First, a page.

Living with diabetes
Living with diabetes

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Living with diabetes


This course has introduced the subject of diabetes and how it is diagnosed. It has discussed the structures and processes in the body that are important for controlling blood glucose levels and described what goes wrong when diabetes develops. The differences between Type 1 and Type 2 diabetes and other forms of diabetes have been highlighted. The concepts of genetics, risk and risk management have been introduced.

Now try to answer the following questions to test your knowledge.

Question 1

In a few sentences, outline how diabetes is diagnosed.


Diabetes is diagnosed by measuring the plasma glucose level. If the level is 11.1 mmol/l or more on a random sample then the person has diabetes, when symptoms are present. If no symptoms are present the plasma glucose level needs to be abnormal on two separate occasions. A fasting plasma glucose level of 7.0 mmol/l is also used to make a diagnosis of diabetes. Occasionally an oral glucose tolerance test will be used to make the diagnosis.

The type of diabetes is diagnosed by clinical symptoms and signs. People with Type 1 diabetes have often lost a lot of weight and may have ketones in the urine at the time of diagnosis. In contrast, people with Type 2 diabetes may not be diagnosed for quite some time despite their elevated plasma glucose levels. In Type 2 diabetes it is rare to have ketones in the urine. Being thirsty or getting up at night to pass urine may be associated with getting older, not only with having diabetes.

Question 2

Complete Table 1 to compare and contrast Type 1 and Type 2 diabetes (click to acces a printable version of the table [Tip: hold Ctrl and click a link to open it in a new tab. (Hide tip)] ).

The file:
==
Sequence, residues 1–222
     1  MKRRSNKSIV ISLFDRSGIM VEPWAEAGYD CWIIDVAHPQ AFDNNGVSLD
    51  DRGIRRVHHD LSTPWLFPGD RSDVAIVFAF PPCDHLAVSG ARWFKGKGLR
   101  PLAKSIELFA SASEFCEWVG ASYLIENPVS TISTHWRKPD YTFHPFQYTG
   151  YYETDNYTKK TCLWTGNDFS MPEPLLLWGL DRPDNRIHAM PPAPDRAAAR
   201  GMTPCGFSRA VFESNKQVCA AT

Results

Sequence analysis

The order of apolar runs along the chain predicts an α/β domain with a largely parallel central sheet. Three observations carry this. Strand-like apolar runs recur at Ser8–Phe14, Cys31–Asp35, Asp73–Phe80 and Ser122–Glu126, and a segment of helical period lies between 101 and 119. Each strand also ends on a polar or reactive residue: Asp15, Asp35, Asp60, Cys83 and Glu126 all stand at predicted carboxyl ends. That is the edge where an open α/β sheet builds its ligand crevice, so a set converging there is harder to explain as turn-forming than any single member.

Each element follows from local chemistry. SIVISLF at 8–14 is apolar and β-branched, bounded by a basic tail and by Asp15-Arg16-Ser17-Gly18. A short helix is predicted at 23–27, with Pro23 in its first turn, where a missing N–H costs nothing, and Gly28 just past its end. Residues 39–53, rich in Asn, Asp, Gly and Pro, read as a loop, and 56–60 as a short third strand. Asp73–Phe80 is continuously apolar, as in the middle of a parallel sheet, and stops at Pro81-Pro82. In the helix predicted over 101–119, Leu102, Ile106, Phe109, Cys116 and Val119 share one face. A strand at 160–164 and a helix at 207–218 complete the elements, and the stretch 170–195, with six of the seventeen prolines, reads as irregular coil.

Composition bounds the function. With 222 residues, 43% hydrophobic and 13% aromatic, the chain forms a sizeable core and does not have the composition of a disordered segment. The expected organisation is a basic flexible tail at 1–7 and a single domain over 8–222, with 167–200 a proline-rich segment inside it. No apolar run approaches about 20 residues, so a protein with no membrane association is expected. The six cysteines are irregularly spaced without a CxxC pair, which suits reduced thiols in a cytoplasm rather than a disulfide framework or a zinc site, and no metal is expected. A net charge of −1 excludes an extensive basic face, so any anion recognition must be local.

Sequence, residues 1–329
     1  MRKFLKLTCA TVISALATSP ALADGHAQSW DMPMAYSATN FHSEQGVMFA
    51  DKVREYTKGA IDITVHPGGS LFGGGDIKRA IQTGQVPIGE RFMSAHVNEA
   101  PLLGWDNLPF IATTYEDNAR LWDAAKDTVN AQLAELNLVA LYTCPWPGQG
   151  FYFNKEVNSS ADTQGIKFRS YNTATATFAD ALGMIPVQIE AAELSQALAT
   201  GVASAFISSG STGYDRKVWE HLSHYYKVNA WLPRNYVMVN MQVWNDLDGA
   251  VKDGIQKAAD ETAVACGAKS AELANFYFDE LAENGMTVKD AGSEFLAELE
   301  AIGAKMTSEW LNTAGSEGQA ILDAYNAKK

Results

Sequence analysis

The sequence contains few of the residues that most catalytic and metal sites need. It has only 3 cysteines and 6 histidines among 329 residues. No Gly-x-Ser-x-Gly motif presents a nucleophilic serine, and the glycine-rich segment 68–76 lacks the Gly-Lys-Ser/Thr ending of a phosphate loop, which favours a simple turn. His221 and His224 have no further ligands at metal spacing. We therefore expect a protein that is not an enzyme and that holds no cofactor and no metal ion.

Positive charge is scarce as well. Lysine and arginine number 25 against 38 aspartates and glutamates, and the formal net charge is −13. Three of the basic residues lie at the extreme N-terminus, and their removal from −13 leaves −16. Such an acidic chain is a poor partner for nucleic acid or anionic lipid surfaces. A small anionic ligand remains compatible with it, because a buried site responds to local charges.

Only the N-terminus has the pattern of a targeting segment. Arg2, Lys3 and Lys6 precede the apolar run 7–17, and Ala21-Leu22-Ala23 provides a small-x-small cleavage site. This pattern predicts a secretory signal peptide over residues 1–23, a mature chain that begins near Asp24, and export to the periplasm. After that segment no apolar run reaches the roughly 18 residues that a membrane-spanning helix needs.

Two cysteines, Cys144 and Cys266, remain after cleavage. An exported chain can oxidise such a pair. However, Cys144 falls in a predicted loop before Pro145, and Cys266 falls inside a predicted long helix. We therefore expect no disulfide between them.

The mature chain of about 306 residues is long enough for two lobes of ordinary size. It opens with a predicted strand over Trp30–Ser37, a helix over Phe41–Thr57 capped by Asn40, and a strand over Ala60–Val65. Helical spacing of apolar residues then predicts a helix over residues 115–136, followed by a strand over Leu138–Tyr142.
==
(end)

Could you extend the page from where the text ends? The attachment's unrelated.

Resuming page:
Table 1 For use with Question 2

Criterion Type 1 diabetes Type 2 diabetes
Age at onset
Presence of ketones


The completed table is shown below.

Answer to Question 2

Criterion Type 1 diabetes Type 2 diabetes
Age at onset Can occur at any age, but more commonly in children and young adults More common in older people, but can occur in younger people
Treatment Insulin is the only therapy available Diet alone, diet and tablets and/or insulin can be used
Presence of ketones Ketones occur if the blood glucose level becomes high Ketones uncommon
Cause Complete lack of insulin Combination of not enough insulin and/or resistance to its actions

Question 3

Which hormone is important in the development of diabetes? Briefly describe its role in the development of Type 1 and Type 2 diabetes.


Insulin is the most important hormone in the development of diabetes.

People with Type 1 diabetes do not produce any insulin at all. They cannot lower their blood glucose level without injecting insulin. They use insulin injections to keep their blood glucose level normal.

People with Type 2 diabetes produce insulin, but not enough to lower their blood glucose level to normal and they may be resistant to the action of insulin.

Question 4

How might you inherit diabetes from your parent(s)?


You may inherit a condition-causing gene from one parent only and will also have the condition even though the gene from the other parent is normal. This is known as autosomal dominant inheritance. This is different from autosomal recessive inheritance when you must inherit the condition-causing gene from both parents to have the condition yourself. Diabetes is thought to be a multifactorial condition, where many different genes may be important.

Question 5

What factors increase the risk of someone developing Type 2 diabetes?


The following factors are all important in deciding the risk of someone developing diabetes:

  • ethnicity

  • obesity

  • lack of exercise

  • family history of diabetes

  • increasing age

  • previous gestational diabetes.

Question 6

Explain how obesity is defined and how body mass index is calculated.


Obesity is defined as greatly elevated body mass index, to an extent which is associated with serious increased risk to health.

The body mass index (BMI) indicates whether an adult is a healthy weight for their height. To calculate BMI divide the weight (in kg) by the height (in metres) multiplied by itself:

A BMI value greater than 30 kg/m2 indicates obesity.


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